Some reports have cast blame on the artists and residents associated with the warehouse where so many people died, trapped in a building that lacked basic fire safety mechanisms.

          Long-time Oaklanders and tenants' rights activists, however, said the tragedy was a symptom of a major affordability crisis and the long-term failure of urban housing policy to protect the most vulnerable people.

          Grieving artists – many still waiting for official news about friends who went missing in the fire – said on Sunday the city must find a way to ensure that underground performance spaces, "live-work" warehouses and overcrowded homes were safe, without shutting down venues and evicting tenants.

          "The scope of the loss is terrifying," said Sarah Carlberg, assistant director of a local book festival. She was priced out of Oakland last year and had friends who were at the Ghost Ship party.

          "Each one of these people were only at that venue by virtue of the fact that they were very engaged artists – the people who make Oakland what it is."

          'Vital to the fabric of Oakland'


          Oakland sits across the bay from San Francisco, the most expensive city in the US. Experimental musicians and independent artists have long made use of its unconventional venues and cooperative living spaces.

          "Warehouse parties have been a central part of Oakland for decades," said Nihar Bhatt, a DJ and record label owner who survived the Ghost Ship fire.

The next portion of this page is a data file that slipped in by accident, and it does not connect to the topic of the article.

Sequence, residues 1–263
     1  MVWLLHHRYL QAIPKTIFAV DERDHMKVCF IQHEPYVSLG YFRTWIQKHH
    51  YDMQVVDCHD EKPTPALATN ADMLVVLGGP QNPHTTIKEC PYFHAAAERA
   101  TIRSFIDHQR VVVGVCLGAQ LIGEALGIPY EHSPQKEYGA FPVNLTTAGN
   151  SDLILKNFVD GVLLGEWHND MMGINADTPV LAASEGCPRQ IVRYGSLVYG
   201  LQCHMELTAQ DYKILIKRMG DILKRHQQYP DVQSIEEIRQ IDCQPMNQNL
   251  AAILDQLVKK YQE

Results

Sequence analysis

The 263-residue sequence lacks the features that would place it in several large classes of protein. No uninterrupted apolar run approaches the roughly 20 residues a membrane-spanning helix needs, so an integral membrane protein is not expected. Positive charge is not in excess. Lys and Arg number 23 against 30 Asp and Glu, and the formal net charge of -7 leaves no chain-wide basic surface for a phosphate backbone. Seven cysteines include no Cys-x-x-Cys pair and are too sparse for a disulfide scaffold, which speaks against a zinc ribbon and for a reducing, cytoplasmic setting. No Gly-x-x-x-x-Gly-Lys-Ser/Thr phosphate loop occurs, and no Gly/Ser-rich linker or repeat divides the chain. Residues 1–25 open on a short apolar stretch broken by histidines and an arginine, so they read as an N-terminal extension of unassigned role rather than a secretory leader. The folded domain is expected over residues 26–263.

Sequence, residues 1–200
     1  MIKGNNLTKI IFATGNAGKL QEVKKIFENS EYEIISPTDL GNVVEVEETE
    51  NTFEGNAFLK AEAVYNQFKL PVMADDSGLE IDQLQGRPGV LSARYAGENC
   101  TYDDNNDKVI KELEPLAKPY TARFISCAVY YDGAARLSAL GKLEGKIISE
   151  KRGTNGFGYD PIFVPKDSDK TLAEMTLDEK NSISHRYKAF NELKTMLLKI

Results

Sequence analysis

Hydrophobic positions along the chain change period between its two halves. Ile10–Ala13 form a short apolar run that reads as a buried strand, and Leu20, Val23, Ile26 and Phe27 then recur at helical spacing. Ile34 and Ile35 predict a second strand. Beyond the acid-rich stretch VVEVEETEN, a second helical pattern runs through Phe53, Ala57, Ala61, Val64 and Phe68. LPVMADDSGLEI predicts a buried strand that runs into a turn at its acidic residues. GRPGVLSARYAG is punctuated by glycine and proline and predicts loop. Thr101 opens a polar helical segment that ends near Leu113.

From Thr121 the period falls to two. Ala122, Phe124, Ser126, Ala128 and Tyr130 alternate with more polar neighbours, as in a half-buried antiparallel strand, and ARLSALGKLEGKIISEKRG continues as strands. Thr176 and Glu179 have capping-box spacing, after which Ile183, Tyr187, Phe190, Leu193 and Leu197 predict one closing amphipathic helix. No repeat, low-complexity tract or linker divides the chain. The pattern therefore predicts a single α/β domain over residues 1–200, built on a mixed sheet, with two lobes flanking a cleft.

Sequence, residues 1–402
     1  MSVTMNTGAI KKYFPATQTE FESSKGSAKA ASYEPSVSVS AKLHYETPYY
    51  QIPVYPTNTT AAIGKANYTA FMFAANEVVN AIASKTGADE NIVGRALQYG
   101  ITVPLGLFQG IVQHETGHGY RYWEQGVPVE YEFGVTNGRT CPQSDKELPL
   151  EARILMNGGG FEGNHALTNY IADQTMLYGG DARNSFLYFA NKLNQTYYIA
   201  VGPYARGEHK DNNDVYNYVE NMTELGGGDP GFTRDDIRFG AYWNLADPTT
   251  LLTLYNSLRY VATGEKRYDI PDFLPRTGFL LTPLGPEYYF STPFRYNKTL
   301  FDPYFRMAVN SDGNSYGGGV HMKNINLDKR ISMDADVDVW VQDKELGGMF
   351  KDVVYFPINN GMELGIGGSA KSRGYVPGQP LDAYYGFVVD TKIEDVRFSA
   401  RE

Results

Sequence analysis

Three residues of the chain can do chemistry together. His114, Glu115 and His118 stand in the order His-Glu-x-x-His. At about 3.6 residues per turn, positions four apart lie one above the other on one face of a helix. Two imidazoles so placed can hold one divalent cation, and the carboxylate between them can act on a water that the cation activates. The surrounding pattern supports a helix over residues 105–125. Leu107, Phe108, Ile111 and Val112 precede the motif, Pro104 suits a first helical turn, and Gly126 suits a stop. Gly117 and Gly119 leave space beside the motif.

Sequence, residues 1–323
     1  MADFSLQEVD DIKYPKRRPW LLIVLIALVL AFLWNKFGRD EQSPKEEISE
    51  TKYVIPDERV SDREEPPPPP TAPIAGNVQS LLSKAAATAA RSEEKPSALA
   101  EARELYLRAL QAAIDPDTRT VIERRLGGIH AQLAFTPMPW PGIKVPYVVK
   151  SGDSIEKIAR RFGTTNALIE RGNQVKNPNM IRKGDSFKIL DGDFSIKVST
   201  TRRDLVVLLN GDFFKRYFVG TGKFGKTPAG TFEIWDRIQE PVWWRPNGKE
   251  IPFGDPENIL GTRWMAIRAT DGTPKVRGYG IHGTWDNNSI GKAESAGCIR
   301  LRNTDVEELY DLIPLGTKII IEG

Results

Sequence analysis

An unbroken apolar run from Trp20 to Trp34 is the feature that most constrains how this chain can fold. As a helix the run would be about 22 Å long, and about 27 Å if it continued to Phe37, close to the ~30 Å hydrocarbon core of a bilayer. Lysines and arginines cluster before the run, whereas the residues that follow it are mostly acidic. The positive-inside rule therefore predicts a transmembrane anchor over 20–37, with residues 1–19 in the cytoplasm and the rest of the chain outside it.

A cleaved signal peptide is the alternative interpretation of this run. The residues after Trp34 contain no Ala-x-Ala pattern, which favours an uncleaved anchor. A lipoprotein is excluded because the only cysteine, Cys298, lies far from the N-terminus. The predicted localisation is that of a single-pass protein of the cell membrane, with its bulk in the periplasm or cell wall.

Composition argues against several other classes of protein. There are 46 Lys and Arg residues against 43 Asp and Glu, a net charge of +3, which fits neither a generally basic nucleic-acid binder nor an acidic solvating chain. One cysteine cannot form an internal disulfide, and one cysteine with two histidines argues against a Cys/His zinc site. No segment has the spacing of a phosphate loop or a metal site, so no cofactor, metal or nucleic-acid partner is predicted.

The city's underground spaces, which may lack traditional permits or business licenses, are particularly vital for LGBT artists and people of color often excluded from the mainstream industry, dominated by white men, he added.

          "There's a movement in Oakland of experimental black and brown and queer people who don't necessarily want to be in a bar or a club," Bhatt said.

          Russell Butler, a musician who was outside the venue and witnessed the fire, said in an email interview that underground venues were "vital to the fabric of Oakland", not only because of the opportunities they provided for under-represented artists, but also because many functioned as welcoming spaces for marginalized people who felt unsafe in licensed clubs "where they may be harassed or assaulted for just trying to live their lives".

          Sometimes the buildings have not been inspected and are not up to code. The consequences can be fatal. In 2015, a fire killed two artists in an Oakland live-work building and displaced two well-known publishing organizations.

          But when residents raise concernsabout dangerous conditions, the results can be devastating in other ways. Earlier this year, dozens of renters lost their homes in an Oakland warehouse space after the city deemed it unsafe for habitation.